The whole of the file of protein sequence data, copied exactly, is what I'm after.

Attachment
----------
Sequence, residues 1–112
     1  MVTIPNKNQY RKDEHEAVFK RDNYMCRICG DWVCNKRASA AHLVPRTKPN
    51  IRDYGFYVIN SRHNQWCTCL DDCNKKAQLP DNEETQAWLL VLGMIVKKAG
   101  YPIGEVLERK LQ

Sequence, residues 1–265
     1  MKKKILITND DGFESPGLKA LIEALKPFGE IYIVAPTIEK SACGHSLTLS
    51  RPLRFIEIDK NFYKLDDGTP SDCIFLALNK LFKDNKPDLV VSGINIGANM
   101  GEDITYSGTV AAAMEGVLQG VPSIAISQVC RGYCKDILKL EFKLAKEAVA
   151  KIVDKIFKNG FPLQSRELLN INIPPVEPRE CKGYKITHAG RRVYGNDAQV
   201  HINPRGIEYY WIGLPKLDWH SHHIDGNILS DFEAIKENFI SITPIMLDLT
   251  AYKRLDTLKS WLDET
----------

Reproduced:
Sequence, residues 1–112
     1  MVTIPNKNQY RKDEHEAVFK RDNYMCRICG DWVCNKRASA AHLVPRTKPN
    51  IRDYGFYVIN SRHNQWCTCL DDCNKKAQLP DNEETQAWLL VLGMIVKKAG
   101  YPIGEVLERK LQ

Sequence, residues 1–265
     1  MKKKILITND DGFESPGLKA LIEALKPFGE IYIVAPTIEK SACGHSLTLS
    51  RPLRFIEIDK NFYKLDDGTP SDCIFLALNK LFKDNKPDLV VSGINIGANM
   101  GEDITYSGTV AAAMEGVLQG VPSIAISQVC RGYCKDILKL EFKLAKEAVA
   151  KIVDKIFKNG FPLQSRELLN INIPPVEPRE CKGYKITHAG RRVYGNDAQV
   201  HINPRGIEYY WIGLPKLDWH SHHIDGNILS DFEAIKENFI SITPIMLDLT
   251  AYKRLDTLKS WLDET